The Academy Awards are on Sunday October 25th. “Sound of Metal” is available on Amazon Prime.

Readers, what movies do you like that have characters with hearing loss? Is hearing loss per se — as opposed to signing Deafness — ever portrayed in movies? Can you think of any?

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For more about living with hearing loss, read my books “Smart Hearing: Strategies, Skills and Resources for Living Better With Hearing Loss” and “Shouting Won’t Help: Why I and 50 Million Other Americans Can’t Hear You.” Both are available as ebook and paperback on Amazon.com.

How Fit is Your Hearing?

Recently, a prominent researcher in the field of hearing loss suggested a simple change in the way we talk about hearing loss. Rather than frame it as a disability, said Dr. Justin Golub of Columbia University Irving Medical Center, “I like the idea of hearing fitness.”

images“Hearing loss” is a negative term. For people who don’t want to admit they have hearing trouble, it invites the dismissive response: “I’m fine.”  But who wouldn’t want to be as fit as possible, especially if it takes little to no work on their part?

Dr. Golub is the lead author on a November 2019 paper in JAMA Otolaryngology-Head Neck Surgery, which found an association between cognitive impairment and what is generally considered “normal” hearing. In 2011, Johns Hopkins’ researchers led by Frank Lin, published the result of a longitudinal study on a large cohort of older adults showing that those with moderate or more severe hearing loss were at a greater risk of dementia. The greater the hearing deficit, that study found, the greater the risk of developing dementia. What Golub and his colleagues have now found is that even minor loss, within the so-called normal range  of 25 dB or less, is associated with lower cognition.

Using two major national databases as their source, the Golub team studied data on hearing and cognitive performance in 6451 people age 50 and over. This study, unlike previous studies of hearing loss and cognition, focused on people with hearing loss in the range usually considered normal. They considered all levels of hearing in that category, down to what would be considered “perfect” hearing, the ability to hear at zero decibels. (Dogs can hear at -5 to -15 decibels.)

After adjusting for demographics and cardiovascular disease, the study found that decreased hearing was independently associated with decreased cognition. The study did not look at whether hearing loss causes cognitive decline. Nor did it look at whether correcting hearing loss with hearing aids offsets the correlation.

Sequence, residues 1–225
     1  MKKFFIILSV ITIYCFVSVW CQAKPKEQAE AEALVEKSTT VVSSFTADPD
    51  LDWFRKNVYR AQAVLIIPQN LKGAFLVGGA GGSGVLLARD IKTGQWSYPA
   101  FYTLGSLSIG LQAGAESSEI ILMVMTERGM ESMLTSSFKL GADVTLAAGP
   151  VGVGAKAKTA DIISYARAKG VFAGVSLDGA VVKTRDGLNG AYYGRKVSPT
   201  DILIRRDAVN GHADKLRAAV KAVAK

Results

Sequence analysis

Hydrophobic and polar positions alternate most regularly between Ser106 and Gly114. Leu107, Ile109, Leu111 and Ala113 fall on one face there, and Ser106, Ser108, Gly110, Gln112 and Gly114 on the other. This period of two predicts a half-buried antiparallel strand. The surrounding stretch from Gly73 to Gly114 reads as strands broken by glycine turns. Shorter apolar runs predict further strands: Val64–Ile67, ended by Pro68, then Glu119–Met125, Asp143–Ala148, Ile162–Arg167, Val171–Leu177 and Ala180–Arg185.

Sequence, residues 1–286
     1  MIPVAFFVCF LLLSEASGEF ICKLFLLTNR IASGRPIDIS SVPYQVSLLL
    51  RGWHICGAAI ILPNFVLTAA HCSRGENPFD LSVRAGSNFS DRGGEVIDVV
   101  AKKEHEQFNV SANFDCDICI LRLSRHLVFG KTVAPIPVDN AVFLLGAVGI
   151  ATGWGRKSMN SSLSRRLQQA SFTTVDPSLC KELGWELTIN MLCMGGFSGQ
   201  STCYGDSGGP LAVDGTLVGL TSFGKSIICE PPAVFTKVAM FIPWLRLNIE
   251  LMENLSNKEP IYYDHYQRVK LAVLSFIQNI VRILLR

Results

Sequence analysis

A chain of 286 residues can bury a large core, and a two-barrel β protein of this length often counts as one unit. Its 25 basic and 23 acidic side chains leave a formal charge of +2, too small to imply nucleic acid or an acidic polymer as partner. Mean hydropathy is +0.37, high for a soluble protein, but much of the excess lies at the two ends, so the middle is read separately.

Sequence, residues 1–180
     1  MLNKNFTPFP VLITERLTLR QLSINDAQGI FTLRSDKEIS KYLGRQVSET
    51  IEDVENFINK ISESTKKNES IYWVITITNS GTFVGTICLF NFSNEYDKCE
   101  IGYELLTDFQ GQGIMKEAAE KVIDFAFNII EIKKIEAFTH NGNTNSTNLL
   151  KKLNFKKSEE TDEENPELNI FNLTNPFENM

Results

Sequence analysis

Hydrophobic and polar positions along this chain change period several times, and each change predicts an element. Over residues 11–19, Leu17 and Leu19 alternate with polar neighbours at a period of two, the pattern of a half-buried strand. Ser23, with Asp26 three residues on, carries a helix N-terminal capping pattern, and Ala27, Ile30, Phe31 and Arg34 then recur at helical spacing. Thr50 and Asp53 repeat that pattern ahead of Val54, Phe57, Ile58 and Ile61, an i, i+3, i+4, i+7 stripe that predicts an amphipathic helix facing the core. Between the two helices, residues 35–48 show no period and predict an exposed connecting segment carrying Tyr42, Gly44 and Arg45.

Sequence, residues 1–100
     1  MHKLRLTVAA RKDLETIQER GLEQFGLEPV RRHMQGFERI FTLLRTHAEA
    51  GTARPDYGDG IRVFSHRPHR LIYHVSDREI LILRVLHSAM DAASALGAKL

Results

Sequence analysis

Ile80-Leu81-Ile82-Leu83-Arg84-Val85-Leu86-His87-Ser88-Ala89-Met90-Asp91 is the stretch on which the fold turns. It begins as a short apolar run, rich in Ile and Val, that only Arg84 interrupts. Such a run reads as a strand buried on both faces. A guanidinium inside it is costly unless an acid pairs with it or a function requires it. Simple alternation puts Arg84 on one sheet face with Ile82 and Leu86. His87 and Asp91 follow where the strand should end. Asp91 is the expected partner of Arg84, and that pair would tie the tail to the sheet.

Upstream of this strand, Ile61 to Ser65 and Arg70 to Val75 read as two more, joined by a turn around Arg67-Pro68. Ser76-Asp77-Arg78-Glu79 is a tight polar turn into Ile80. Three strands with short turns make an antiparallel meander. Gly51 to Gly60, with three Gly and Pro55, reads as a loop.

“Can Hearing Aids Help Prevent Dementia?” That question was the title of the article in The New York Times Magazine where Golub’s hearing fitness quote appeared. We don’t have an answer yet but Frank Lin and colleagues will conclude what is expected to be the definitive study on hearing aids and their deterrent effect on cognitive decline in 2022. (For those who are interested in learning more about the study, Aging and Cognitive Health Evaluation in Elders (ACHIEVE), funded by the National Institute on Aging, here’s a link to an interview in AudiologyOnline on the study and other hearing-related public-health issues.)

Speaking to the Times Magazine, Golub mused, “We always frame [hearing loss] as a disability.” Telling college students that blasting their ears with loud noise is going to make them more susceptible to dementia 50 years later, he said, isn’t going to be much of a deterrent. “But if you say, ‘Hey, hearing is good for your brain, the more hearing you have the better,” that has immediate implications.”

“Hearing Fitness” is good for people at any age. Whatever it is about hearing loss that aligns it with an increased risk of dementia is of course of paramount interest. But poor hearing has a host of other physical and psychological ramifications, some of which themselves are a risk factor for cognitive decline.

Hearing fitness means taking care of the hearing that you have, whatever your age. And if it begins to decline, as it often does with age, correcting it. Cost has been a prohibitive factor for many up till now, but this year the FDA will announce guidelines for an over-the-counter hearing aid that will cost a fraction of existing FDA-approved hearing aids. Hearing aid companies and the consumer electronics industry are already offering products that are as good as some hearing aids at even cheaper prices. Costco is reportedly the nation’s largest hearing aid dealer (except for the VA), with volume permitting lower prices. Having hearing professionals on staff insures responsible service. Insurance companies are increasingly covering hearing aids, finally understanding their role in healthy aging. In some states, Medicaid covers hearing aids. Even that dinosaur Medicare may soon revise its hearing aid policies.